We’ve all heard of the infamous Tupper Ware parties. But have you heard of the CPR Party? My next guest is Laura Metro who was inspired to create the popular CPR Party originating from a near-death drowning incident of her son. Turning adversity into opportunity, she imagines a world where every neighbor is empowered to become a citizen paramedic. One house at a time, she is democratizing access to affordable CPR training with the hope that no one ever has to suffer the hard-ship she endured with her son.
On this episode, Laura shares with us the horrifying moment of almost losing her son to a preventable drowning incident, what sparked her to create CPR Party, and why she believes CPR training is a global imperative. All this and more on today’s episode.
Now, That’s Unusual.
About Laura Metro
On June 18, 2011, Laura Metro’s life was rocked.
She and her husband went on a run with the family dog on the Delaware shore, while friends watched her two small children at the neighborhood pool. Her three-year-old son, Clay, fell in the deep end and silently sank. He was unconscious in a matter of moments. A bystander performed CPR until paramedics arrived, and Metro and her son were rushed to Wilmington via Medevac. After two days in a coma, Clay awoke to make a miraculous recovery, much of which was attributed to the efforts of the ‘citizen paramedic’ who performed compressions until first responders reached the scene.
Devastated by the incident and driven to make sure no other parent would ever have to experience that kind of grief, Metro leveraged her background in PR and marketing to develop CPR Party, a model that mirrors the in-home shopping party concept. The program provides a CPR instructor to conduct an informal course, and every individual has the opportunity to do compressions on a mannequin and experience an AED demo during the one-hour session.
CPR Party is program of Metro’s CLAY Foundation, which seeks to teach CPR, promote water safety and drowning awareness as well as advocate for FloatFirst swim curriculums. The overarching goal of the foundation is to empower people to save lives through prevention and emergency first response.
Key Interview Takeaways
Drowning is one of the fastest ways to die, and it happens to the children of responsible parents.
We go through life in a comfortable state of denial that the worst will not happen to us. When it does, you become raw and aware – and the only way to function is to live with no regrets, to make sure your children know you love them.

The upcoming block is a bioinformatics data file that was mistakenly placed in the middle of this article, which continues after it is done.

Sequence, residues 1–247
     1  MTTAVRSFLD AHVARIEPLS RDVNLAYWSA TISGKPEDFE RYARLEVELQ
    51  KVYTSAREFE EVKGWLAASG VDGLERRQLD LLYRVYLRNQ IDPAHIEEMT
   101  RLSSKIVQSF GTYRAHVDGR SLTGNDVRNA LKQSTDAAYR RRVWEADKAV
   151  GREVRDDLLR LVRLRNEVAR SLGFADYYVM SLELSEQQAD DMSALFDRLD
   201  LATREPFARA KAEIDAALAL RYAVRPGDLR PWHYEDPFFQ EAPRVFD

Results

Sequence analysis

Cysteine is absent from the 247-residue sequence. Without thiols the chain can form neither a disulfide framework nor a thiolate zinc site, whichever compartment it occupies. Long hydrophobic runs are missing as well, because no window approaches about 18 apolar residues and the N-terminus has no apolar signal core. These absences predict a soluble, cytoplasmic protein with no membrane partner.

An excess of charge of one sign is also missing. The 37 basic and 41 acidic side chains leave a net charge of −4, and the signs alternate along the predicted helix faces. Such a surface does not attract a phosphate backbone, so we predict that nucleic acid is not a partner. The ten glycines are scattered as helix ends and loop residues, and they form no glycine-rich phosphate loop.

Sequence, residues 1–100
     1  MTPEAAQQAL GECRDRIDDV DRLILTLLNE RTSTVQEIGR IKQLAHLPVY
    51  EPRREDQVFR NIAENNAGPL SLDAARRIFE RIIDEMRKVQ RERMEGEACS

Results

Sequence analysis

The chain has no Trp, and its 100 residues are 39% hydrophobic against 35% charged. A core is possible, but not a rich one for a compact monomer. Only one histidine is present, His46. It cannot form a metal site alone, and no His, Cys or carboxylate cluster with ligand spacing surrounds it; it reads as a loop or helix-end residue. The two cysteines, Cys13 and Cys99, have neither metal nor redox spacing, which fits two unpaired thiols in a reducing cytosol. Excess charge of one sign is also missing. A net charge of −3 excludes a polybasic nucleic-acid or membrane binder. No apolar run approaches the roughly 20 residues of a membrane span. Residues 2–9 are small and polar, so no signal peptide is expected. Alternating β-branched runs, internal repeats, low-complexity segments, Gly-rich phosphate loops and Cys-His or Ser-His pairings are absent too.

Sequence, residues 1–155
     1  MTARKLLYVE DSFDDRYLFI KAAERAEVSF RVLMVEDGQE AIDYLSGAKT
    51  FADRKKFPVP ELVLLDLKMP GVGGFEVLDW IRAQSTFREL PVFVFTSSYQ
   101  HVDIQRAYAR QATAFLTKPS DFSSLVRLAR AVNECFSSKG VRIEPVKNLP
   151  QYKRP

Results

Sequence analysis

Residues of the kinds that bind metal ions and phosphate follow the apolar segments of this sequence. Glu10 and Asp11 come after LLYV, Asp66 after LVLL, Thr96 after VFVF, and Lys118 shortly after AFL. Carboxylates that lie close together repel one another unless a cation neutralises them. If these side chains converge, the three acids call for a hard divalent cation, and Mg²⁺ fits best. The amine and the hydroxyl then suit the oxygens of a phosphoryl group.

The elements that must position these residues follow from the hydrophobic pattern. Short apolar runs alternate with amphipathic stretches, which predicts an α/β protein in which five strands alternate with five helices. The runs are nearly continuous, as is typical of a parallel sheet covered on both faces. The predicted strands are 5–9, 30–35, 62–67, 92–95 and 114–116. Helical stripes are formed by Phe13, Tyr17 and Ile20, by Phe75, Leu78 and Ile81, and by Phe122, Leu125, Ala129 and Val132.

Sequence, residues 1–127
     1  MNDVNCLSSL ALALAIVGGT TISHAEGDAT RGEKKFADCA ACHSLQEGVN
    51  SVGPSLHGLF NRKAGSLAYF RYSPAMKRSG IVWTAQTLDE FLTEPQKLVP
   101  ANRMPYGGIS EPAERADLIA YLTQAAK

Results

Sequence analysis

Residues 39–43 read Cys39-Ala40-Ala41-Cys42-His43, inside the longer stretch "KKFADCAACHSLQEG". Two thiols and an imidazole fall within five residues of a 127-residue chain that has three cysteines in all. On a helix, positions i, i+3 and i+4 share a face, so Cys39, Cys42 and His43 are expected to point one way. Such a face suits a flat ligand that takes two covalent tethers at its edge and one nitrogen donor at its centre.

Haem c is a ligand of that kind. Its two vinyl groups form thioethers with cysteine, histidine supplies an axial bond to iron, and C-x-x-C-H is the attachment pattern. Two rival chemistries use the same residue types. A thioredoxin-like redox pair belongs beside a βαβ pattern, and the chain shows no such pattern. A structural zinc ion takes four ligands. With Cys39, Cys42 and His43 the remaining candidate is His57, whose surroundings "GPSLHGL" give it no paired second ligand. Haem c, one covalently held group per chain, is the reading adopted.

Drowning is entirely preventable, and no parent should have to experience the death or near death of their child because of it. CPR Party seeks to increase awareness and galvanize the ‘citizen paramedic.’
Money and time are the two reasons why people don’t have CPR training. After her son’s accident, Metro became obsessed with the question, ‘Why don’t I know CPR?’ and she discovered that while we talk about the importance of CPR training, it just isn’t that easy to obtain.
People don’t drown because they can’t swim; they drown because they can’t breathe. Thus, it is extremely important to teach children to float on their backs. Metro’s son sank despite two years of swim lessons.
Drowning is the number one killer of children one- to four-years-old, and the number two killer of kids ages two to fourteen. For every child that dies by drowning, there are eight non-fatal accidents. In Texas alone, 107 children drowned in 2016.
We live in a reactive – and judgmental – society. It doesn’t occur to us to learn CPR until after something terrible has happened, and we blame the ‘bad parents’ who let their child drown.
‘When a child drowns, a family drowns.’ Beyond medical costs, the ripple effects extend to therapy expenses, family and siblings who suffer from PTSD, and neurological issues.
The prevention of drownings would be a massive cost-saver for our country. The average two-day hospital stay for cardiac arrest costs $75,000, and drowning is the most expensive injury, costing us a whopping $6.2B in medical expenses each year.
The citizen paramedic can have an enormous impact in saving lives. First responders do a great job, but it is often impossible for them to arrive quickly enough, especially in rural areas. 80% of these events happen at home, so a neighbor with CPR training would be critical in stabilizing a patient until paramedics arrive.
Metro’s best tip for drowning prevention: Enlist a group of Water Watchers. Take ten or twenty minute shifts in which the only thing you’re doing is watching the water – not on your phone or engaged in conversation. ‘Drowning happens when everybody’s watching and nobody’s watching.’
‘I’m unusual because I’m broken.’ Metro stands out because she has cracks in her armor, but she has chosen to do something with those breaks, to create something that serves others.
Connect with Laura Metro